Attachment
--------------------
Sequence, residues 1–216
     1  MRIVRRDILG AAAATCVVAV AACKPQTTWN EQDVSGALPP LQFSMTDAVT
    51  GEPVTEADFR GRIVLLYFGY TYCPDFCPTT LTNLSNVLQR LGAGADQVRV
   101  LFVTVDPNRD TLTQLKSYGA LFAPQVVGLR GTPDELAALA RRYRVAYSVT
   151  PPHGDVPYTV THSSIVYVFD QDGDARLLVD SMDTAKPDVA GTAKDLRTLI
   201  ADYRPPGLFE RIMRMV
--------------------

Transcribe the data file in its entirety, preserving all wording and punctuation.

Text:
Sequence, residues 1–216
     1  MRIVRRDILG AAAATCVVAV AACKPQTTWN EQDVSGALPP LQFSMTDAVT
    51  GEPVTEADFR GRIVLLYFGY TYCPDFCPTT LTNLSNVLQR LGAGADQVRV
   101  LFVTVDPNRD TLTQLKSYGA LFAPQVVGLR GTPDELAALA RRYRVAYSVT
   151  PPHGDVPYTV THSSIVYVFD QDGDARLLVD SMDTAKPDVA GTAKDLRTLI
   201  ADYRPPGLFE RIMRMV